We need to realize that there is no such thing as an economic society without political involvement in economics. Utopian socialism had to morph into scientific socialism. Even those capitalists who advocate a “minimalist” view of the role of government in economics promote whatever involvement they consider to be the most advantageous to businesses, whether it is the establishment of government protections in the form of patents or copyrights, or laws preventing fraud, or other government-enforced protections. While distributism promotes subsidiarity, that promotion really just keeps government involvement to as local a level as practical, based on our belief that this will best protect economic freedom by allowing local citizens to have a real and effective voice.
Just as we say that a society is socialist when a determining amount of its productive capital is legally barred from being privately owned, a society is capitalist when a determining amount of its productive capital is privately owned by people who do not do the work due to laws enabling and encouraging the separation of ownership and work. The “determining amount” is not a hard and fast rule. It is that amount that would generally be accepted as establishing the tone or mode of the society. The separation of private ownership from work is at the root of various aspects of capitalism: usury, free trade, the combative relationship between labor and owners, the stock market, the consolidation of wealth resulting in monopolies, and the consequent anti-trust issues.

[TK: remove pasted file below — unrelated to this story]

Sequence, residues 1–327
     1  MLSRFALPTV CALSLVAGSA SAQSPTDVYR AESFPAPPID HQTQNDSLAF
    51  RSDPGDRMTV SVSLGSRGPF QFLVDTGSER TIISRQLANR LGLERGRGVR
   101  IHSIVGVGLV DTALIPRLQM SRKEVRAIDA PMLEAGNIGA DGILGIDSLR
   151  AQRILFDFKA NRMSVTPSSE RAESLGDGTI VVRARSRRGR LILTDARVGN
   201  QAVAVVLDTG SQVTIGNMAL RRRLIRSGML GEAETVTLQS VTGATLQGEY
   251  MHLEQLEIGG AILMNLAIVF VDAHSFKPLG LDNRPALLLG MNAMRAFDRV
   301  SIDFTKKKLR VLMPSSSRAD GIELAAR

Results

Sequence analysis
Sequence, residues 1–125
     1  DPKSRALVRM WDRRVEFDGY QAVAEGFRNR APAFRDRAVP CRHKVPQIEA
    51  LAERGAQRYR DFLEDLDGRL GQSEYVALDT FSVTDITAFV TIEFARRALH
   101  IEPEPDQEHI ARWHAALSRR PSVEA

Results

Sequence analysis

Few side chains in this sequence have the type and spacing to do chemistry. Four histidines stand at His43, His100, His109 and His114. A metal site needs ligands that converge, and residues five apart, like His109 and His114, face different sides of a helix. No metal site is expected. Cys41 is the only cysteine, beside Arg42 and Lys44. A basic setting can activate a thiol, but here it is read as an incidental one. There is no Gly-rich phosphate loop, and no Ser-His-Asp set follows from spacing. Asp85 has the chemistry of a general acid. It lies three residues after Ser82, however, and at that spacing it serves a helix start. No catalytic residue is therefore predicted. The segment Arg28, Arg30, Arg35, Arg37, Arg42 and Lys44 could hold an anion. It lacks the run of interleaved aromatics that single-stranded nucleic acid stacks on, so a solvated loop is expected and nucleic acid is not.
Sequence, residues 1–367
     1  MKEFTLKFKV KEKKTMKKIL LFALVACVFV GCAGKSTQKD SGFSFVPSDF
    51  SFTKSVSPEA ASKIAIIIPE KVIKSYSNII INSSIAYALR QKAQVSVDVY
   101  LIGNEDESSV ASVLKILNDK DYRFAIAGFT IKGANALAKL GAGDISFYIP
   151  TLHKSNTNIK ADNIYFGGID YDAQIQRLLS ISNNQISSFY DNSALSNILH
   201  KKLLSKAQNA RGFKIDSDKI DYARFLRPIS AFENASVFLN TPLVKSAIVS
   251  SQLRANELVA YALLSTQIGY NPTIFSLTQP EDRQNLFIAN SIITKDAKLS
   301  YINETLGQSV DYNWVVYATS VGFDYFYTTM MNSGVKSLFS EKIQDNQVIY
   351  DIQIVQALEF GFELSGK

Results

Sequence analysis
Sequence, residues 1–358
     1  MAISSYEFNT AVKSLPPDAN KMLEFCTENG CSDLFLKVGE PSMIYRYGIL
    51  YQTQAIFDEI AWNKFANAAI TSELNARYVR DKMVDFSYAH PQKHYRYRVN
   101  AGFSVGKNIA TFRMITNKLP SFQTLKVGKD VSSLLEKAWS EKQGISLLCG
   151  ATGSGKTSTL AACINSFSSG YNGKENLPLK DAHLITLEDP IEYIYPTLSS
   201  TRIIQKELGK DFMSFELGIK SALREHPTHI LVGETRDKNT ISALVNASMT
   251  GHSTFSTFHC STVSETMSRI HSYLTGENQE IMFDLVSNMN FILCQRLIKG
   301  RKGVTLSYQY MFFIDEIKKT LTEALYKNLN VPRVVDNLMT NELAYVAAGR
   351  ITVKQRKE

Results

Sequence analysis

In his 1912 book, The Servile State, Hilaire Belloc wrote that capitalism was moving toward two inevitable ends that he termed the Servile State and the Distributive (or Proprietary) State. While scientific socialism is very close to what he described as a Servile State, Belloc didn’t think it likely that societies would choose the socialist route because of the extreme disruption to economic life it entailed. While he may have been wrong about some societies being willing to try the socialist route, he was clearly correct about the economic disruption.